Can you remember a particular Christmas, in its entirety, from your childhood? Or do you remember little snap shots, a hazy recollection of all the years rolled into one? I have more of the latter but I can recall small moments so vividly…
It’s almost 4pm, school has finished for the holidays. The excitement of freedom and hightened anticipation. My skin tingling with anticipation too, as it begins to warm after walking back home in the cold December air. The kitchen is, as always, where the familiar, comfortable, late afternoon ritual of ‘coffee time’ begins. The percolator is making it’s usual steamy sounds and my mum is setting out the cups and saucers and mugs for tea. Homemade mince pies are presented in old biscuit tins and my dad is reading his newspaper in the living room. The record player is on.
Christmas, wouldn’t be Christmas without Jim Reeves singing festive songs on our record player. The mellow, warm tones in his voice, happy and friendly. Enticingly fitting for a traditional Christmas that harks back to a time more simple. I can imagine him surrounded by friends and family. All snuggled up next to a roaring fire. People dancing and laughing near by and home baked offerings in their plenty. Ahhh…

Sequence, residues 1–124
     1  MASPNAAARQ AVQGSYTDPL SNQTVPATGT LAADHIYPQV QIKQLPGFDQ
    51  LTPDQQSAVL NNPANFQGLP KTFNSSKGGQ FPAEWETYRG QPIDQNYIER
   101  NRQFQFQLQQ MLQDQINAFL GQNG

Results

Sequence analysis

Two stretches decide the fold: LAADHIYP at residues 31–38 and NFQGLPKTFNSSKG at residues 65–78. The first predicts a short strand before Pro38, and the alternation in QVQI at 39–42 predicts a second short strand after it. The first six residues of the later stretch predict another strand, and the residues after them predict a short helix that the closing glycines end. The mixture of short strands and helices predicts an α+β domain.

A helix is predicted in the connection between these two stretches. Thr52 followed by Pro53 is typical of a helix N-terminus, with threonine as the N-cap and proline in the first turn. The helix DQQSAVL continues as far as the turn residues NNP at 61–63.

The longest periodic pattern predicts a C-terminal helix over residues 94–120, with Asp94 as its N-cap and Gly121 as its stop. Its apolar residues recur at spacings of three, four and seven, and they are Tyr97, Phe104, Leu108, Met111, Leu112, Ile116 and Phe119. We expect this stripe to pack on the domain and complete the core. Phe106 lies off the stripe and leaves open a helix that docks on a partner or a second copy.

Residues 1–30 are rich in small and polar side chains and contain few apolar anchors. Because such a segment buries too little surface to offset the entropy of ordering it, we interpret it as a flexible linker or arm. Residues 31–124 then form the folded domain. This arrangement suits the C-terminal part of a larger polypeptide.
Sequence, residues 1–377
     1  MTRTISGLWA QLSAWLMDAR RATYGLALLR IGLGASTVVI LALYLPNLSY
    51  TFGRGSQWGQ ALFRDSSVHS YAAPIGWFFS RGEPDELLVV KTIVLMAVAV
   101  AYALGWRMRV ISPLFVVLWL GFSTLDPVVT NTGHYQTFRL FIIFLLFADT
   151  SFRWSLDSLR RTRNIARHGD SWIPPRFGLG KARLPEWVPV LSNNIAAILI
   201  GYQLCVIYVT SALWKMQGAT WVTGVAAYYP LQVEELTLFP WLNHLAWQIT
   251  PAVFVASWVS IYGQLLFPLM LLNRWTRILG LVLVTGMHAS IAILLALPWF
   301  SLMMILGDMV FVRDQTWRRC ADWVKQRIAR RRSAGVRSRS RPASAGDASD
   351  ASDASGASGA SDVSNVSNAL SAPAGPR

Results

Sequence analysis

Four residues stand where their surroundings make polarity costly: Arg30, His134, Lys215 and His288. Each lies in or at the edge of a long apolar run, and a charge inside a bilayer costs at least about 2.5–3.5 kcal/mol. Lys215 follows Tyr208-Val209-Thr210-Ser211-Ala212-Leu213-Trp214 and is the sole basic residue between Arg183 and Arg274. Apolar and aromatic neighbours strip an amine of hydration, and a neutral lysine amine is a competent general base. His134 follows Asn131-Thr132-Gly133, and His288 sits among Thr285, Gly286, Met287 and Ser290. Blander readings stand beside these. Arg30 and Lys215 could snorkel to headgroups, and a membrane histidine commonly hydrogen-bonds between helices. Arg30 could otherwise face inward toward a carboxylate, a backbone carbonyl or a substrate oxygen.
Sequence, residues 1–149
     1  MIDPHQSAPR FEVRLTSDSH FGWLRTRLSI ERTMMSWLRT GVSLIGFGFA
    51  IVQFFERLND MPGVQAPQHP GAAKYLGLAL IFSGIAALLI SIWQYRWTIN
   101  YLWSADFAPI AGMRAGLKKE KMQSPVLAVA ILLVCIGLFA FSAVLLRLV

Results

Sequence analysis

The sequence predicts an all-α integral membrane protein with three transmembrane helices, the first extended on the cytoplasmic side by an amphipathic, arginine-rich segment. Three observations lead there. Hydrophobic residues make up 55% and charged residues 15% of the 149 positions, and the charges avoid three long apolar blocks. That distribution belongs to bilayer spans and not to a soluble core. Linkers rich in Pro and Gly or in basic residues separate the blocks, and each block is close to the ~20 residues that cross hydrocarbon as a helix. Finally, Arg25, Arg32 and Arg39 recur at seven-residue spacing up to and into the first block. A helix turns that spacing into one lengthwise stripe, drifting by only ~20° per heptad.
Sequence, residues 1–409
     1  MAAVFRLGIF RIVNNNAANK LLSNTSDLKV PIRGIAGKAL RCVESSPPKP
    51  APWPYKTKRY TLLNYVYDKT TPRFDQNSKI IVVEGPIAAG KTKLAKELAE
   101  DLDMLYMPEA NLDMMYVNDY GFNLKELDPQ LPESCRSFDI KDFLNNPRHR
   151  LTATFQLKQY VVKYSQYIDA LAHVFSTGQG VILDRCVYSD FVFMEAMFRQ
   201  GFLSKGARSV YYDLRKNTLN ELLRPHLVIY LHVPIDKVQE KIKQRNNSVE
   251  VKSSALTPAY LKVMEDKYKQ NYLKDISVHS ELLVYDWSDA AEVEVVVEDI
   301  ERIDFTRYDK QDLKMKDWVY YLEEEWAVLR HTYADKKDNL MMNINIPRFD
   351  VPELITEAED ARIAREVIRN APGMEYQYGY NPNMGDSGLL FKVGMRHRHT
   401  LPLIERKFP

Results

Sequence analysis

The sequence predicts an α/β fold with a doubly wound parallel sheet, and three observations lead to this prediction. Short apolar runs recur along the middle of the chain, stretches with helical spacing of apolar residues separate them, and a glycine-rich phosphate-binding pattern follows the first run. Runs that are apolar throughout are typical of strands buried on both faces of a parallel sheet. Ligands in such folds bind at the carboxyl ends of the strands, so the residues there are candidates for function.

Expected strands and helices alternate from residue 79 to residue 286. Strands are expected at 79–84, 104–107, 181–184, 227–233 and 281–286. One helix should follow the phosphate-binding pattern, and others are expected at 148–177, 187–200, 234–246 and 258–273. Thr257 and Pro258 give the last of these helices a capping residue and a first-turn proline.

We are all home, collected back together after a day apart. Cosy lights are on and the dark is shut out behind deep red velvety curtains. An immediate sense of love and warmth and being ‘looked after’. Sounds and smells from the kitchen and the preparations for ‘coffee time’ follow me up the stairs, as I put my school things away. I love the fact that my bedroom is above the kitchen and I can hear all sorts of comforting sounds. The larder door closing, causing a vacuum that would momentarily click open the second of the two doors, before both being shut tight. The sound of my mum moving around and calling to my sister or dad to turn the record player off as the needle had reached the middle. A second cupboard door opening where, behind it, the mugs and teabags are stored and where the door sticks slightly, squeaking as it is pulled open. (Little things then, but things I can remember so vividly now.)
Our second Christmas tree stands in the hallway downstairs and has larger, coloured lights creating a warm glow that radiates up the stairs. This tree is the demoted tree and used to stand proud in the living room. It is a small tree. Artificial and silver. I used to think it was quite large, but it’s not. Very few branches fold down from a thin main trunk and, just like a real tree, it drops a lot of (silver) needles. I’m surprised it still has enough to look as good as it does. All other lights are off, enhancing the magic. As I step out of my room, switching off my light, the dark, quiet landing welcomes the warm glow from downstairs and the voices of my family and the call of ‘coffee time’ lure me. (Christmas was magical. The smells, lights and sounds.)